3) Can you offer some examples of how “seculosity” is being played out in politics, parenting, relationships?

DZ: When it comes to politics, I think you see seculosity not just in the outright messianic (or diabolical!) expectations we foist onto candidates but in the tribalism on both sides of the aisle. There’s a lot of “us vs them” thinking that divides the people into believers vs pagans. Not that there aren’t legitimate differences in conviction between parties, or that there’s no such thing as right vs wrong, but there’s a leap from that kind of talk to ‘orthodoxy vs heresy,’ which is closer to what we have today. It’s not just a person’s position that’s wrong, it’s they themselves. But anytime you claim that politics not only explains everything in the world but can fix everything in the world, you’re in religious territory, and holy war is just around the corner.

In parenting, take the VarsityBlues scandal as an example. Parents have always wanted the best for their kids, and that includes education and the opportunities that admission at a prestigious college can provide. But for a certain slice of the population, college admissions’ decisions have come to represent a judgment of religious proportions, not just for the students but their parents. “I am enough because my child goes to this-or-that school.” When we make our children the measures of our enoughness (or our path to immortality/eternal life), well, then we will do everything in our power to make sure that the school sticker on the back of our car broadcasts the ‘right’ message. Plus, I think a lot of high-powered parents deal with a lot of guilt for overworking while their children are young. One of the ways they can ‘atone’ is to get their child into their dream college.

Relationship-wise, just think about the “Soulmate Myth.” We’ve somehow bought into this idea that there is one perfect person out there for us, who will fulfill all of our emotional, physical, and material needs almost by instinct. Someone who will, to quote Jerry Maguire, “complete us.” What we’re after, in these cases, is more of a savior more than a spouse. Those kinds of astronomical expectations of another person tend not to bode well for intimate relationships, which are commonly forged in moments of vulnerability and failure.

4) How can we take a fresh look at ourselves and where we’re headed with regards to this new way of thinking? 

DZ: I suppose that will vary for every person. My hope with the book is that it might give people a fresh lens for viewing the world and maybe evoke some sympathy about why it is we’re all so increasingly anxious, lonely, and exhausted. Sometimes it ‘takes the sting out’ and gives us some patience with others to know we’re not the only person out there dealing with an acute sense of ‘not-enoughness.’ If you are a conventionally religious person, then take heart; religious observance is not nearly as weird we sometimes fear it is. Furthermore, we’re all in this together!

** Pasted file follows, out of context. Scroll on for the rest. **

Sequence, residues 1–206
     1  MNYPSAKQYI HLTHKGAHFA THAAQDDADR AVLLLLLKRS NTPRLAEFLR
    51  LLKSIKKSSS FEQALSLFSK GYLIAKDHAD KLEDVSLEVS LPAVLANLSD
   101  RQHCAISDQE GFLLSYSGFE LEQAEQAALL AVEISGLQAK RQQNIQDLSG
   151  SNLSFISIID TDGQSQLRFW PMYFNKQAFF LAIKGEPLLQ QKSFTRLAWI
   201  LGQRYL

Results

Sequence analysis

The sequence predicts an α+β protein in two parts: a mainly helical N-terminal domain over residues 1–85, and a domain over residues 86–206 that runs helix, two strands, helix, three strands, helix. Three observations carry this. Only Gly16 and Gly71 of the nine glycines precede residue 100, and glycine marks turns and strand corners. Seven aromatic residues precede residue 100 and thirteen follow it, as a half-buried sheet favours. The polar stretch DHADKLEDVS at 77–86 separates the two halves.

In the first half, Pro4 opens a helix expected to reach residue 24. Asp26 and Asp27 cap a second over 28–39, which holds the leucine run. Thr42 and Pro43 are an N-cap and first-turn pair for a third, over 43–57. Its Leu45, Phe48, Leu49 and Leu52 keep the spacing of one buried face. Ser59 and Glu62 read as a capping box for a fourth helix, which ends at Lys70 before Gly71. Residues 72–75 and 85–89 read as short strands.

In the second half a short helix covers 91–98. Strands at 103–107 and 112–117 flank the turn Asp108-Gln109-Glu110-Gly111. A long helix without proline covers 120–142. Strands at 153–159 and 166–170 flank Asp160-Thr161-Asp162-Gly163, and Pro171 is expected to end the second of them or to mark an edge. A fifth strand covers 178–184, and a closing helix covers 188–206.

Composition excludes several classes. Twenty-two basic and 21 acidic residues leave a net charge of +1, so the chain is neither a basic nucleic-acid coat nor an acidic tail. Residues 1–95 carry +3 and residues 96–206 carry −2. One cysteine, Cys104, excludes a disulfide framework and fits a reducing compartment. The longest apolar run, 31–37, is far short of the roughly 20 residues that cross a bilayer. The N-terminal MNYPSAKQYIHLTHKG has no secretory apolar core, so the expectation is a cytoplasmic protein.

So it would be wonderful if the book lent that sort of perspective and allowed readers to take a deep breath, no matter what their background or spiritual leaning. Practically, I would urge folks to think seriously about what forms of ‘replacement religion’ they gravitate toward and reflect on about whether or not those ‘seculosities’ are delivering what they’re promising or if perhaps it’s time to raise the white flag. Maybe ask yourself, what would it be like if you truly believed that ‘enoughness’ was a gift rather than an achievement? Can you imagine a life lived without a scoresheet?

Then again, the goal of the book isn’t to give people one more thing to feel like they have to get ‘right’ but to point toward the reality and hope of grace. By ‘grace’ I mean love that comes at you when you’re at your most ‘not-enough.’ Love that absolves and restores, yet isn’t self-generated, the kind that we hear about in best kinds of churches. If you’ve experienced that sort of thing before, it makes all the difference. Stay close to it, or even better, pray that it stays close to you.

This Q & A was featured in the June 23rd edition of Maria Shriver’s Sunday Paper newsletter. The Sunday Paper is the paper of record for individuals who want to be Architects of Change, lead meaningful lives and Move Humanity Forward. To get inspiring and informative content like this essay delivered to your inbox each Sunday morning for free, click here to subscribe.